Don’t do this. You never know who might be reading your newsletter, which is why any advice or instruction should be written under the assumption that you were not the first to figure something out, and that an expert might be reading. (I break this rule all the time.)

10. Share/Sell a Subscriber’s Email Address

This doesn’t happen much with authors, but businesses will sometimes try to maximize their income by selling their mailing lists to other companies. They figure that if they can’t make a sale, your email address is no good to them, so they might as well sell it.

Not all subscribers will notice that their email address was sold, but those who do notice also have ways of identifying who sold their email address. They will unsubscribe and tell all their friends about the incident.

Over to You

So tell me: What would it take to get you to unsubscribe from a newsletter?
Photo: BigStockPhoto

tbd advanced publishing starter kit


  1. Augusta

    I subscribe to author newsletters for one reason: to find out when their next books are coming out. Too much talk about their vacation or whatever, more than once a week, too many cross-promotions with other authors, and too many things not associated with when the next book is coming out all get an unsubscribe.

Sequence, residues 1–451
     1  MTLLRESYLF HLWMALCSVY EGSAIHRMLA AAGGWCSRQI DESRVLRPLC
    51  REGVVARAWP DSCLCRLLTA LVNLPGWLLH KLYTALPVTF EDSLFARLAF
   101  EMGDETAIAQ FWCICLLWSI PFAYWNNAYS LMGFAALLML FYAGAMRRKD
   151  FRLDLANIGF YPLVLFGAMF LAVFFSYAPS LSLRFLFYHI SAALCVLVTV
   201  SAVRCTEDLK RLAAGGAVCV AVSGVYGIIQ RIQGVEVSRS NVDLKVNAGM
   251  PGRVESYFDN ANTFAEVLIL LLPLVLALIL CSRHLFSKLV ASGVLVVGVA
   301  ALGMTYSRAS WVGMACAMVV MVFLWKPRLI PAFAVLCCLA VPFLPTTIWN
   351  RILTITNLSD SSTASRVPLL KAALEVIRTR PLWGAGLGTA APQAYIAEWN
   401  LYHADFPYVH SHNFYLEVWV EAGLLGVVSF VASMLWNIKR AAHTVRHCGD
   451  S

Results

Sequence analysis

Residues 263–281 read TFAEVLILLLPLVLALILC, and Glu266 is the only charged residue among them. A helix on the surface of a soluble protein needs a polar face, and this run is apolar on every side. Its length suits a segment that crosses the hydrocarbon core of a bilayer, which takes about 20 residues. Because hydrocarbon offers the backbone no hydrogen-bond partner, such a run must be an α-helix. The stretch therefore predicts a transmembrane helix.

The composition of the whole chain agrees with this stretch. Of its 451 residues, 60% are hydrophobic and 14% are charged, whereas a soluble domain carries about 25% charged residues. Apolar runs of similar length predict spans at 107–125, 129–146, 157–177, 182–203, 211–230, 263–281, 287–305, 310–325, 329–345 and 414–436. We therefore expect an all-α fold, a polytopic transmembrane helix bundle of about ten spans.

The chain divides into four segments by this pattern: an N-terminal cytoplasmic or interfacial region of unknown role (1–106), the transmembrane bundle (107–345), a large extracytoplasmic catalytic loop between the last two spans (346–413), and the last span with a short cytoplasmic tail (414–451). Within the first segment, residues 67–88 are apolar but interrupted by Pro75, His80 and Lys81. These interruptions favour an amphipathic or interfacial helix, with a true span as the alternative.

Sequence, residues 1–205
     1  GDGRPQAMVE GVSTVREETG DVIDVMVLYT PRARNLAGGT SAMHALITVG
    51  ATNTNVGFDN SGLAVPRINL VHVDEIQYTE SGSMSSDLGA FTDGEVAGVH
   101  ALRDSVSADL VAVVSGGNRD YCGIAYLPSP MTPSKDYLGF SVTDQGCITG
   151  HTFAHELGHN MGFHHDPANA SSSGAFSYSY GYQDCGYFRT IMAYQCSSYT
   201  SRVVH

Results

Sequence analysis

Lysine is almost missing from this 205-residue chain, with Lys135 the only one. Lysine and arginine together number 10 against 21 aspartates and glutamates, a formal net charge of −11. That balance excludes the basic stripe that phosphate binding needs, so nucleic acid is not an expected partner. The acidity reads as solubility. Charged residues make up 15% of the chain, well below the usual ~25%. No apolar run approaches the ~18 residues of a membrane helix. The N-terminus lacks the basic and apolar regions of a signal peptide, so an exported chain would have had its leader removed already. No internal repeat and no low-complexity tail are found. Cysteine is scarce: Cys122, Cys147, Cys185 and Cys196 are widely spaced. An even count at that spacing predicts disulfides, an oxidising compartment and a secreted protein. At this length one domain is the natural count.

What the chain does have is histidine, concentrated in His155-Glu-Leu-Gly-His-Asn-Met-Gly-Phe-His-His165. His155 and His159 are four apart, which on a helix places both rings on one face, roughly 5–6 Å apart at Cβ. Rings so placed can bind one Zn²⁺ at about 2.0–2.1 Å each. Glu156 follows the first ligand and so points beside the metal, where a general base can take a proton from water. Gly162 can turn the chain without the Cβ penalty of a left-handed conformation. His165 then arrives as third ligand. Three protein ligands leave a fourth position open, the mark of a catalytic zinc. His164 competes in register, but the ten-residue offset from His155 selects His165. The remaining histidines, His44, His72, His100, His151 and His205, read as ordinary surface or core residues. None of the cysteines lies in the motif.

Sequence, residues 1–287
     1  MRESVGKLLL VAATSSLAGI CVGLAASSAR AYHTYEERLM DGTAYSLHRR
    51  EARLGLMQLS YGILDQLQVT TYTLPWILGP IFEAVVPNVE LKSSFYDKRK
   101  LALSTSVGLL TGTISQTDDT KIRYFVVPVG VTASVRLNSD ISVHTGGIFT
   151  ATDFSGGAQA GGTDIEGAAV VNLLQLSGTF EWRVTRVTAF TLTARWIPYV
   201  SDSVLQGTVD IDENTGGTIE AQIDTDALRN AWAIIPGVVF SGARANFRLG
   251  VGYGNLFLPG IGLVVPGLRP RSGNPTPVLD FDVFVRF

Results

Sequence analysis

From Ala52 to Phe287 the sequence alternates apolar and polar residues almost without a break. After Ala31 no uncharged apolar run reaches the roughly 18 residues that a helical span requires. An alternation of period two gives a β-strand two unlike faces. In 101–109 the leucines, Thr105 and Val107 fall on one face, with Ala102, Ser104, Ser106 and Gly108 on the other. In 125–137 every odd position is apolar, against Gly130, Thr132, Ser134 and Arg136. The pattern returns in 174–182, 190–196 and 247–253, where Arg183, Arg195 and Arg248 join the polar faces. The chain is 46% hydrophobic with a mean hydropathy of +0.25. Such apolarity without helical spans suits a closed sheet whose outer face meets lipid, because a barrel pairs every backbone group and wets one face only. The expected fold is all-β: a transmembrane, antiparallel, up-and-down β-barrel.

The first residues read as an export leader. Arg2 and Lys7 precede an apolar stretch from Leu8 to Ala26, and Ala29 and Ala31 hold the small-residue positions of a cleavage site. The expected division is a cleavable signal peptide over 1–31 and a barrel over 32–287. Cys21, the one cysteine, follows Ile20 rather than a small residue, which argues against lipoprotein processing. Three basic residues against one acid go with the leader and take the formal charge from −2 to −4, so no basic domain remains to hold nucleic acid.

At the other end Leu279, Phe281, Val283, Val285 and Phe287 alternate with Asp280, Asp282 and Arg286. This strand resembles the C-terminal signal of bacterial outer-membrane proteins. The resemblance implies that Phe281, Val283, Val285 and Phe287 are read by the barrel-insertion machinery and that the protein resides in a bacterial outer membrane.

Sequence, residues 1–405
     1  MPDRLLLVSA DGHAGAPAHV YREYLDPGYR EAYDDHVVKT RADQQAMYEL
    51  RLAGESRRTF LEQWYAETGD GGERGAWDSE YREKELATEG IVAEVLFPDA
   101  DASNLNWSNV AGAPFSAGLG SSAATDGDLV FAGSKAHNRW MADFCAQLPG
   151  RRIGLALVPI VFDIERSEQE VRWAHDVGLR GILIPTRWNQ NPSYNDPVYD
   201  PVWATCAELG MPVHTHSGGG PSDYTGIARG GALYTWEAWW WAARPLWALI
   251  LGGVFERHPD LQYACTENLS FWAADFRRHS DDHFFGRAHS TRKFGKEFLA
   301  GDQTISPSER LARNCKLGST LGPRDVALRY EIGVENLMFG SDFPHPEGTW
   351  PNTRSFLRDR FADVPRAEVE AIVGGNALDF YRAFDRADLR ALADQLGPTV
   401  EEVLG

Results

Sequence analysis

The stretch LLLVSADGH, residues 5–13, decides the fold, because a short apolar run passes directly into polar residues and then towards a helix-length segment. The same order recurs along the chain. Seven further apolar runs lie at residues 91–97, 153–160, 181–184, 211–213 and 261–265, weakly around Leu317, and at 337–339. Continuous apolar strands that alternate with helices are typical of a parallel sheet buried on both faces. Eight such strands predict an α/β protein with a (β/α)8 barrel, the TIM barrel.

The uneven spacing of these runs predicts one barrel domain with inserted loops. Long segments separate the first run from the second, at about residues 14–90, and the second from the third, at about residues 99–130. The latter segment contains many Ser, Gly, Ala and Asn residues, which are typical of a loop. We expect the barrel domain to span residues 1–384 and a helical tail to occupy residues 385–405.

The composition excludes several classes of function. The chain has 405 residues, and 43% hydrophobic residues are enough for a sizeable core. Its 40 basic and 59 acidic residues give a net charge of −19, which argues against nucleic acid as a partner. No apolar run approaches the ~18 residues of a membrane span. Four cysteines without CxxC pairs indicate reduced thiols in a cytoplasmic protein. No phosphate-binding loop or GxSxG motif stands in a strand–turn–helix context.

2. Paul Wilkinson

    11 — Too many images for mobile users.

  3. Brooke Lorren

    I generally don’t subscribe to newsletters. Although I did subscribe to some because I wanted to join a contest for a free Amazon gift card. Did those authors interest me? Not really. I was just there trying to win the free gift card. So a person might get unsubscribes because the people subscribing weren’t really interested to begin with.

    I do subscribe to a couple though. One I subscribe to because the author gives out writing advice (so I guess #9 might be advice to ignore for some). The other I subscribe to because I’m a fan of their books. But… I’ve come to the point where I try not to subscribe and I usually unsubscribe whenever I get one of the newsletters I subscribed to when I was trying to win a prize.